We present a method for detecting circumscribed masses in digital mammograms. Morphological hierarchical watersheds are used in the segmentation process. Oversegmentation is prevented by employing a reconstructive open/close alternating sequential filter to simplify the image. The advantage of this method of simplification is that the object shapes and edges are preserved. The regional maxima of the simplified input image are then extracted and used as internal markers for the hierarchical watershed transform, which is applied to the gradient image of the simplified input image. An image-based classification technique is applied to reduce the number of false positives. The method is applied to 18 mammograms from the MIAS database, containing 20 circumscribed masses in background tissue of varying density. We obtain a high true detection rate using combined with a low number of false positives per image.
The aim of this study is to provide feature images of digital mammograms in which regions corresponding to masses are enhanced. Subsequently, the feature images can be segmented and classified
into two classes; masses and normal tissue. Our proposed feature extraction method is based on a local energy measure as texture feature. The local energy measure is extracted using a filter optimized with respect to the relative distance between the average feature values. In order to increase the sensitivity of the texture feature extraction scheme each mammogram is preprocessed using wavelet transformation, adaptive histogram equalization, and a morphology based enhancement technique. Initial experiments indicate that our scheme is able to provide useful feature images of digital mammograms. In order to quantify the system performance the feature images of 38 mammograms from the MIAS database -- 19 containing circumscribed masses, and 19 containing spiculated masses -- were segmented using simple gray level thresholding. For the circumscribed masses a true positive (TP) rate of 89% with a corresponding 2.3 false detections (false positives, FPs) per image was achieved. For the spiculated masses the performance was somewhat lower, yielding an overall TP rate of 84% with a corresponding 2.6 FPs per image.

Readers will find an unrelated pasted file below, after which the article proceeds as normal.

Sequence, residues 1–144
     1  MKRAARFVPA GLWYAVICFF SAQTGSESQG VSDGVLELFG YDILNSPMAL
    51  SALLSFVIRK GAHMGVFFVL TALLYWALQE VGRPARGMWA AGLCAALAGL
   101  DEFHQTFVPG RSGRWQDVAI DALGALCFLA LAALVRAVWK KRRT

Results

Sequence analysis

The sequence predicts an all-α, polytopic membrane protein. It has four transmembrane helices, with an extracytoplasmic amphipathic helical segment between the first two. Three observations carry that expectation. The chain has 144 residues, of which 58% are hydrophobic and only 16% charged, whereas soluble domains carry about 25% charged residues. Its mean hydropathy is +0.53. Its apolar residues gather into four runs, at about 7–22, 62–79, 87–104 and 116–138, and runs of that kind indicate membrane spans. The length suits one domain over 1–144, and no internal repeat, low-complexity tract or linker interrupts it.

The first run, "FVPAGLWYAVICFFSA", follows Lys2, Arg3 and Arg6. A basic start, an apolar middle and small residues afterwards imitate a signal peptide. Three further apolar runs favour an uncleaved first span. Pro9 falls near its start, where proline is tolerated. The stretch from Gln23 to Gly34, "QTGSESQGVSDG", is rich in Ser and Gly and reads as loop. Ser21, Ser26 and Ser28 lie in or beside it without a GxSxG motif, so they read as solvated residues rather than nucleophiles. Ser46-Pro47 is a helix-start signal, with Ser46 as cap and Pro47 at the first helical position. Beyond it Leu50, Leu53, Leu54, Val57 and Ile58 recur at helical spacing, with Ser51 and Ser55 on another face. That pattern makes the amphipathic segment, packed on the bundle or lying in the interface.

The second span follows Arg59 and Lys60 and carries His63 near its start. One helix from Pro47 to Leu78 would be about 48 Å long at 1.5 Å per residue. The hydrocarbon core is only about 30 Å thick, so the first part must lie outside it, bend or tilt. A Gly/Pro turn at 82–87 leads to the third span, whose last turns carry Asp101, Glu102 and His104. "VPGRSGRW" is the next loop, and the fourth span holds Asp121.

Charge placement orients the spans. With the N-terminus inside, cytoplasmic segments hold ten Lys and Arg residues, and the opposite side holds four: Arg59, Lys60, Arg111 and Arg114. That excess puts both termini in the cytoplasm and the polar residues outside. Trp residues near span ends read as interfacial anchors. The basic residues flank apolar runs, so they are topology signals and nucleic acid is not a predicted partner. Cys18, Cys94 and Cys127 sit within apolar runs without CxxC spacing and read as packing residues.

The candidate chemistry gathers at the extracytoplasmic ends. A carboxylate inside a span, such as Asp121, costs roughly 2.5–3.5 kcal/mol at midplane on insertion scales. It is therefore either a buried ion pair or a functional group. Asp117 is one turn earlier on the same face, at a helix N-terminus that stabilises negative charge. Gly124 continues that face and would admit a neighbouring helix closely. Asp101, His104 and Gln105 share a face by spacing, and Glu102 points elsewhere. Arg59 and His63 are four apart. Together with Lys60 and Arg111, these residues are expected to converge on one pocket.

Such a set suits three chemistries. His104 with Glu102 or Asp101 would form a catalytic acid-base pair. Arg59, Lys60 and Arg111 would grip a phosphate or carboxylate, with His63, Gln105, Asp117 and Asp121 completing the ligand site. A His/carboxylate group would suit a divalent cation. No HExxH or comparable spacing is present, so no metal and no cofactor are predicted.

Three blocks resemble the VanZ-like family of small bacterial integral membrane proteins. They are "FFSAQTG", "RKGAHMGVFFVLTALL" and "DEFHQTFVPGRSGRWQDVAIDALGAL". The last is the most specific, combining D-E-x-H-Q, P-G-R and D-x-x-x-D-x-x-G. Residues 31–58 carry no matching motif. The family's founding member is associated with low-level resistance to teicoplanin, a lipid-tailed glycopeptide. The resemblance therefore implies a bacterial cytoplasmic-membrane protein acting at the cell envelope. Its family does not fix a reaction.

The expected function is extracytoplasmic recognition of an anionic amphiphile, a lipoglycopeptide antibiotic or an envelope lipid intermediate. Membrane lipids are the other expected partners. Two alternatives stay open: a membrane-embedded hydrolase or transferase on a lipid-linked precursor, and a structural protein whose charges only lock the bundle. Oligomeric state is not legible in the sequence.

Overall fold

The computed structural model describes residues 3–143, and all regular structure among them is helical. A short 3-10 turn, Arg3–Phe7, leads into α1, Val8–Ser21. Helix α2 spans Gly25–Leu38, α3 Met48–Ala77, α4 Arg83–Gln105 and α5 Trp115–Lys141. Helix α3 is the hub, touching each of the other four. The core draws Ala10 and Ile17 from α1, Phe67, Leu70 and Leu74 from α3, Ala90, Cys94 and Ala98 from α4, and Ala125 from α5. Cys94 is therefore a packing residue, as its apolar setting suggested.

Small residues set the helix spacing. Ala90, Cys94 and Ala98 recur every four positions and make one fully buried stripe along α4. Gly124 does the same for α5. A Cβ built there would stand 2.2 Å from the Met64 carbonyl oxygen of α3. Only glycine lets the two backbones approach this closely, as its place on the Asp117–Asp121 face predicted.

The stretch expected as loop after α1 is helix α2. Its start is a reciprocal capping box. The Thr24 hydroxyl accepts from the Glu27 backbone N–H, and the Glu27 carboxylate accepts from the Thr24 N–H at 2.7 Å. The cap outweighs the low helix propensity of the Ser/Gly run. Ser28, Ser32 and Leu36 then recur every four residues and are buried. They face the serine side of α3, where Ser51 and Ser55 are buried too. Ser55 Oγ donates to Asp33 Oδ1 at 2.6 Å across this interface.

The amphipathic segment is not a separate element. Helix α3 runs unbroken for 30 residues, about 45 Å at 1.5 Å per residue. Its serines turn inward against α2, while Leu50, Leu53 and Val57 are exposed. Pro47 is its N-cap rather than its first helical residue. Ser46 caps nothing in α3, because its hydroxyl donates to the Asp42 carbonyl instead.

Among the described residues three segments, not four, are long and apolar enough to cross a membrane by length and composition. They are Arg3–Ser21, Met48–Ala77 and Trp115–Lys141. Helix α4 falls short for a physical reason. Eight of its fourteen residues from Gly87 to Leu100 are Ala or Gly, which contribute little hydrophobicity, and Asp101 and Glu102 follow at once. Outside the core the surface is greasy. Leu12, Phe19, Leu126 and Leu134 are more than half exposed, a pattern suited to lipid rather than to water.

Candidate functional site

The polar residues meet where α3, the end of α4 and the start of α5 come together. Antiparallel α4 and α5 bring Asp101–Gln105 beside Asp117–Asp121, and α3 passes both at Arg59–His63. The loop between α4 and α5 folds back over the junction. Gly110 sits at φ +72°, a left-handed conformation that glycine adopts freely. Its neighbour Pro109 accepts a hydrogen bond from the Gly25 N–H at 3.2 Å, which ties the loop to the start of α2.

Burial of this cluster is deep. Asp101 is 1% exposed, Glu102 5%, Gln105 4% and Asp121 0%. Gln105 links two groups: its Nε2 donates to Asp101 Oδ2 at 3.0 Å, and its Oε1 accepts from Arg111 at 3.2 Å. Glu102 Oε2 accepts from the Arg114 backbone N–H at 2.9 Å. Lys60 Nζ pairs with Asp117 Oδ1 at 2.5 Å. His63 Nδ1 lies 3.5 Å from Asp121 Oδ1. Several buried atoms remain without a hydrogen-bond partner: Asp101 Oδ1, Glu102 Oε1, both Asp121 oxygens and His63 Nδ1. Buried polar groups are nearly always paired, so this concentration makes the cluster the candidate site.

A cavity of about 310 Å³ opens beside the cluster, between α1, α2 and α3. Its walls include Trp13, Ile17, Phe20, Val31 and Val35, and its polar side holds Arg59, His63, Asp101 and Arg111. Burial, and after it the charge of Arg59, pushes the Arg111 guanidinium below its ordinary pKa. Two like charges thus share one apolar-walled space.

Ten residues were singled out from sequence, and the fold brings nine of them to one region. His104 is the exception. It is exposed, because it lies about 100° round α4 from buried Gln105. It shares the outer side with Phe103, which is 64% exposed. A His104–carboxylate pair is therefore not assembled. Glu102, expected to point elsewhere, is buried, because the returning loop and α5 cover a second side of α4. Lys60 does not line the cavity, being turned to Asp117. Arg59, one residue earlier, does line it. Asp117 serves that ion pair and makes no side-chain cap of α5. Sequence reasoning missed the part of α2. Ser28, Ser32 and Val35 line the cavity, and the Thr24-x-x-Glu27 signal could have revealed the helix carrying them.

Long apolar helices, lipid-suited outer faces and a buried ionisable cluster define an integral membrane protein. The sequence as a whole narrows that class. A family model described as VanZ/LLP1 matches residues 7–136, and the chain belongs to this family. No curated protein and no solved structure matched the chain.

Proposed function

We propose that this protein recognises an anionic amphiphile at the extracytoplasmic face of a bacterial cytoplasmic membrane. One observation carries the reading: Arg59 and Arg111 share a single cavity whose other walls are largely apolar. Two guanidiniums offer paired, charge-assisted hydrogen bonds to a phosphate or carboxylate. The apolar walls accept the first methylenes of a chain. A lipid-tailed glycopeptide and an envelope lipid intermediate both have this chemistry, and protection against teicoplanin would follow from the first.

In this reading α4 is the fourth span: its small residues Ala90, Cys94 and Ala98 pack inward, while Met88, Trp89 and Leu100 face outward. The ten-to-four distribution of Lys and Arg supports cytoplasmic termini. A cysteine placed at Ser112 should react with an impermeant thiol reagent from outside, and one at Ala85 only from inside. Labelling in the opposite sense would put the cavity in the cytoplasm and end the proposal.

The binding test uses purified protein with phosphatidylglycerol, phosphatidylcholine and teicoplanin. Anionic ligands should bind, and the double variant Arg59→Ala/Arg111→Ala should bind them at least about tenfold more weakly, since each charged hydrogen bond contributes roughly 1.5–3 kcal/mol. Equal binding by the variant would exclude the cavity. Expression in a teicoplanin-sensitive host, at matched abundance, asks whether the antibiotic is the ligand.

By using a new method of solving the radiative transfer equation, we calculate the diffuse (i.e. scattered) radiance due to a Gaussian beam incident on a slab of finite thickness filled with scattering particles. The radiance is calculated for several observation angles and at any point inside or at the boundaries of the slab, both for isotropically and weakly anisotropically scattering media.